LINCOLN, Nebraska — As University of Nebraska-Lincoln Chancellor Harvey Perlman nears retirement, he's focusing on what he's helped the school accomplish during his tenure.
Perlman delivered his final state of the university address Wednesday. Instead of outlining a new agenda for the university, he reflected on some of the school's achievements over the past year, including growing enrollment and student diversity on campus, developing international partnerships and launching the Nebraska Innovation Campus.
"It is difficult to know what to say," Perlman told faculty and staff gathered at the Lied Center. "I am no longer in a position to set a long-term agenda for the campus, and it would not be fair to my successor for me to do so."
Increased graduate enrollment and adding faculty will help the University of Nebraska-Lincoln reach its goal of 30,000 students, he said, but he's not sure whether the school will reach that benchmark by the end of the decade.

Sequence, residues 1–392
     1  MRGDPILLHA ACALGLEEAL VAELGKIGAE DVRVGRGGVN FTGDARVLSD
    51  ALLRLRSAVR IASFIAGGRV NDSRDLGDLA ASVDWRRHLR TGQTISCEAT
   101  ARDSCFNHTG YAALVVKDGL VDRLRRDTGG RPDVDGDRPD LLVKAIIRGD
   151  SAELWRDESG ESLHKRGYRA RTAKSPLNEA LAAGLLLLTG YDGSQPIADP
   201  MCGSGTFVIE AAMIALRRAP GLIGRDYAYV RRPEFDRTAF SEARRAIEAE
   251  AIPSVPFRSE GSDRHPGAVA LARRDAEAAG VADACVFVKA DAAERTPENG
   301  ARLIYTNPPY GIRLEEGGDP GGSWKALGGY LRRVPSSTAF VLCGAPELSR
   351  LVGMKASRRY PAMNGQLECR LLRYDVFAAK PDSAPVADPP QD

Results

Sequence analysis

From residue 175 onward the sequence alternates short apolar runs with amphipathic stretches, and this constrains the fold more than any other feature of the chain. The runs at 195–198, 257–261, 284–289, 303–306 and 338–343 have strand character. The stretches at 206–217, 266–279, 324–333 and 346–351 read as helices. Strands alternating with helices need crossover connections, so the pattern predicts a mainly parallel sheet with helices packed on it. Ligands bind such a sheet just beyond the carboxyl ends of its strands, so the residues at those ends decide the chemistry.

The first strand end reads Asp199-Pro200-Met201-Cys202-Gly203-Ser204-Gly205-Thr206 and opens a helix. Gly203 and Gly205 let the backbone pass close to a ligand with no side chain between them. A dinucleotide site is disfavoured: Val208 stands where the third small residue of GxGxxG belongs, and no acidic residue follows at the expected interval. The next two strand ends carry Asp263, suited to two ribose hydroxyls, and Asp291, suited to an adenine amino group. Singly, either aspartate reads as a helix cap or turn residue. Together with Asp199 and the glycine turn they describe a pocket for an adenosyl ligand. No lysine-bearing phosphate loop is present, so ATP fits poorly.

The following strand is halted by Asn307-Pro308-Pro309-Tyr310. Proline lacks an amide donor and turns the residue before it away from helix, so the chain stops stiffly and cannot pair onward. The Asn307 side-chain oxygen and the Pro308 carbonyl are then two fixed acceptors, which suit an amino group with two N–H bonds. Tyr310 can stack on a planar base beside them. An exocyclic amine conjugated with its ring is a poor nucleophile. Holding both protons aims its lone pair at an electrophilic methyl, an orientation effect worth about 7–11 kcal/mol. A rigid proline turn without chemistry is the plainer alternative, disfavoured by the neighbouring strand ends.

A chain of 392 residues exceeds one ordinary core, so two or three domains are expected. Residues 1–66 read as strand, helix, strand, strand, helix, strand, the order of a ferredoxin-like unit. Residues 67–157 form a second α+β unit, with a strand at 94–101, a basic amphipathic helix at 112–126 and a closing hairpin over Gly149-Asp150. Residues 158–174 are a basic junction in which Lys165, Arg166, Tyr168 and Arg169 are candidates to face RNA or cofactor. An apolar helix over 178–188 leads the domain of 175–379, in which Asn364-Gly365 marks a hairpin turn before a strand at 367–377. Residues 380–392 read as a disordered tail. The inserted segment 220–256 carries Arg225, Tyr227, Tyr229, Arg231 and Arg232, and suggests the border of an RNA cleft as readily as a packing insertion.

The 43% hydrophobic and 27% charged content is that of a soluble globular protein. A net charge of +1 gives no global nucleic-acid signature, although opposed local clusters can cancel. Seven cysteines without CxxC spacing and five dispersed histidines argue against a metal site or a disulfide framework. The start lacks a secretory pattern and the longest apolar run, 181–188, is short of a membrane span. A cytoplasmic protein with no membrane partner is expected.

Perlman attributed the university's ability to attract a record 25,260 students this semester to recent efforts aiming to increase diversity, the Lincoln Journal Star (http://bit.ly/1MJ6lHU ) reported. He said a more diverse campus only serves to enhance "the stature of this university."
The percentage of minority students has increased from 11 to 16 percent over the past five years, Perlman said.
About 10 percent of the student population hails from outside of the U.S., which reflects numerous efforts by the university, including increasing study abroad programs and partnerships with universities in other countries, he said.
International partnerships with Turkey, China, Brazil, Vietnam and Switzerland "are just a few of the ways in which our flag is flying across the world," Perlman said.
Perlman will retire June 30 after 15 years at the University of Nebraska-Lincoln. He's expected to give a final assessment on the state of the university during his farewell address in April.
"Many have asked me how I was able to serve as chancellor for such a long time," Perlman said. "I reply that I followed that sage advice: 'Don't retire until you've irritated enough people to make it worthwhile.'
"I think I have satisfied that criteria."
Information from: Lincoln Journal Star, http://www.journalstar.com